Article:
The Double-Edged Sword


St. Augustine, Martin Luther, Jonathan Edwards, Charles Spurgeon. What do they have in common? They are all titans in Christian history? Yes. They all agreed on the sovereignty of God in salivation? Yes. They all have had lasting influence on the doctrines and practices of the Christian faith? Yes. They all have books still in print? Yes. But there are two other things that they share in common. Each of these men were big on grace and mercy and compassion and each of these men suffered from deep depression.

Oftentimes our weaknesses and our strengths are the one and the same, each being one side of a double-edged sword. When swung in a positive direction you get deep insight into the human heart—its pains, hurts, sorrows, and needs that drive you to identify with the suffering of others in meekness and humility, to respond to them with mercy and compassion, and to tell them about the grace, mercy, and love of God in Jesus Christ. When swung in negative direction the same characteristics drive us introspectively into ourselves and lead us into depression, anxiety, and hopelessness.

This has been at the center of my thoughts about Anna. She is so naturally empathetic, compassionate, helpful, and kind. But the very same things about her that produce these good things, also make her prone to anxiety and depression. As we work to help her through this, it is important to me that we do not break her spirit in the process.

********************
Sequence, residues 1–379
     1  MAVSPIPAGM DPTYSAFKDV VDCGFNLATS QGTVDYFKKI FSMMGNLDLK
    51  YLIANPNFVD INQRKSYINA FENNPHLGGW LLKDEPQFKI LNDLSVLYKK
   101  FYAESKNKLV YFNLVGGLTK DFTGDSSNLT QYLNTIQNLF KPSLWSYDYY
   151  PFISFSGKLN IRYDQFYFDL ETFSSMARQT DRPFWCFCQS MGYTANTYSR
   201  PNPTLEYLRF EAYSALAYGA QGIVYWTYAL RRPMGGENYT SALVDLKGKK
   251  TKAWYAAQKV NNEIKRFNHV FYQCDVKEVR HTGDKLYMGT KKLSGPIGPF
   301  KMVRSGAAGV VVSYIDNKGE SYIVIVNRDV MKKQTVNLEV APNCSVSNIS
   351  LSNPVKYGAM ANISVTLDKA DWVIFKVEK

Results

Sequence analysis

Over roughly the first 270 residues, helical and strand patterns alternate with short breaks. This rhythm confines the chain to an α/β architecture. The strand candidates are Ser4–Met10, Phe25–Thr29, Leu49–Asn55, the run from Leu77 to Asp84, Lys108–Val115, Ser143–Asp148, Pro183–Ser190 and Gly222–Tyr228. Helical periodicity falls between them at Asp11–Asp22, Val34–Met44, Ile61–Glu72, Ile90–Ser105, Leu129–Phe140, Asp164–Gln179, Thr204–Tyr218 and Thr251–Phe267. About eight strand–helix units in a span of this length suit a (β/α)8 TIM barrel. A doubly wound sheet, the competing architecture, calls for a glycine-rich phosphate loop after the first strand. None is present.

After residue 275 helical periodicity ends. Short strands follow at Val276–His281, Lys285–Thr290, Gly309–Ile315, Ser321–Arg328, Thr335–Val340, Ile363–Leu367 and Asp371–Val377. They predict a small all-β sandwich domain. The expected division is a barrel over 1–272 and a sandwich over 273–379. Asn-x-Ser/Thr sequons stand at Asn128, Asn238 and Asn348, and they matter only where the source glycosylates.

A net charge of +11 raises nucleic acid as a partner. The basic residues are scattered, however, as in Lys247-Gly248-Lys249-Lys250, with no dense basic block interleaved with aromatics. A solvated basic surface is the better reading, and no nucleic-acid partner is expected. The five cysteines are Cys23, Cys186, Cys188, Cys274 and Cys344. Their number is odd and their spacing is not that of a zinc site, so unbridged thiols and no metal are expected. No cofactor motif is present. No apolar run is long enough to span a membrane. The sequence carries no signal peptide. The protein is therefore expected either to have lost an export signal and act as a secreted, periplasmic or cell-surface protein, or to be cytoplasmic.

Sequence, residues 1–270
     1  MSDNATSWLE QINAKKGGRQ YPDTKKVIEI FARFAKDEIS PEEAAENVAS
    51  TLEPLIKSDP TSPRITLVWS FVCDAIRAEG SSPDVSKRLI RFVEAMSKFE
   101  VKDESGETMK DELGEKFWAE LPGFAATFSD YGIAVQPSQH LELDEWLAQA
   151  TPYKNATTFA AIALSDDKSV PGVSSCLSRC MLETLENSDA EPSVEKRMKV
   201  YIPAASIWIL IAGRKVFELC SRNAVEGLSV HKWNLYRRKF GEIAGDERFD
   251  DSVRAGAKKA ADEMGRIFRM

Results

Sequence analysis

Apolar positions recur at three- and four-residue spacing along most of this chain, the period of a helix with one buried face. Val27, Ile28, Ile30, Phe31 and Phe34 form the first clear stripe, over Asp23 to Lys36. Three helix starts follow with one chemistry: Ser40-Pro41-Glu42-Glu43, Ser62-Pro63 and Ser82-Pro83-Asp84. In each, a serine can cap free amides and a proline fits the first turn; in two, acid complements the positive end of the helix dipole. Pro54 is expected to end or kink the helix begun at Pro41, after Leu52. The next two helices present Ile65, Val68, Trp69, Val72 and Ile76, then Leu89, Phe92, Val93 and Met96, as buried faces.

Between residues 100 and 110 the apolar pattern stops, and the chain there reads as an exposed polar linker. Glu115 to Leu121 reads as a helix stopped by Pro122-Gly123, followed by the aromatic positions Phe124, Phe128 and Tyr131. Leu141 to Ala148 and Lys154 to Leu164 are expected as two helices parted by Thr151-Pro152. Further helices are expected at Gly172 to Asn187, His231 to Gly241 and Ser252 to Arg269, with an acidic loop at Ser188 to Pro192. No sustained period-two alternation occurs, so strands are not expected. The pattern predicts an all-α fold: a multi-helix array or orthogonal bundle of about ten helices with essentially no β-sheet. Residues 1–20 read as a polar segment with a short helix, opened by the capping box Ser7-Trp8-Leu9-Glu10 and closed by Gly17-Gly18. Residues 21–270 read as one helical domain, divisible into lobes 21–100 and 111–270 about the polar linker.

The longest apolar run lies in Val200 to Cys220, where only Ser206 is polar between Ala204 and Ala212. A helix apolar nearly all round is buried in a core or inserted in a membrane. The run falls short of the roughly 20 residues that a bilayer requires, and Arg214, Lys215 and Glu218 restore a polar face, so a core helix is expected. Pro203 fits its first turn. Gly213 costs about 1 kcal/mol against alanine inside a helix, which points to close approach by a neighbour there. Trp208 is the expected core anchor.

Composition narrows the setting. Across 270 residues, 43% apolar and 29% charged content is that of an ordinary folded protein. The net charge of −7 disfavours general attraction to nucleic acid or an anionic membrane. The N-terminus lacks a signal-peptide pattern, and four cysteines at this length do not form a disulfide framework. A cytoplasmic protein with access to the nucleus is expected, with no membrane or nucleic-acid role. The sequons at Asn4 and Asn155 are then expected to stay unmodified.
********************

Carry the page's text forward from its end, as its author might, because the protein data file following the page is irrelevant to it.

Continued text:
I am confident that such will be the outcome of this. She continues to do well, has a great spirit, and has been very brave. Today, my parents are going to see her. I will have to be content with a phone call tonight. But I will see her tomorrow. The support, prayer, and encouragement we have received has been life-giving. My family, our church, and our world need more people with her gifts.

8 thoughts on “The Double-Edged Sword

  1. Right on, Dan! I’ve used another analogy to express the same thing: her natural empathetic, compassionate, helpful, and kind ways are traits. They are morally neutral. They can be invested positively or negatively. This analogy adds the element of choice.

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  2. Right on. People /the world / I don’t often see weaknesses as assets, but as things to cover up, deny, or desperately try to overcompensate for. I sometimes start to believe the lie that says I can’t be good enough, can’t serve God well, can’t relax, or can’t be free until my illnesses are gone. Not true. Mentally healthy and spiritually healthy are not the same, even though they often have strong influence on each other. Even during his earthly ministry, we see sick, broken, thirsty, partially – healed, messed- up, needy, and infamously sinful people following Jesus. It’s the internal healing of grace and salvation that was God’s top priority in Jesus – not necessarily to give us cushy struggle – free lives. He calls us to admit our need for him so we can accept his fulfillment and freedom. Over the years, especially when I look back at my life as “the girl who always cries,” I’ve seen plenty of good come out of my struggles. I’ve seen enough that I remember praying a few years ago and thinking that if i never see any more miracles or life -changing moments of God’s glory I’d be ok. I’ve seen enough to tide me over. Thankfully, though, God knows me too well, and continues to show off /cheer me up with glimpses into the bigger story when I need some help. He’ll do the same for Anna. Now it’s time to endure and trust. Good stuff is coming soon.

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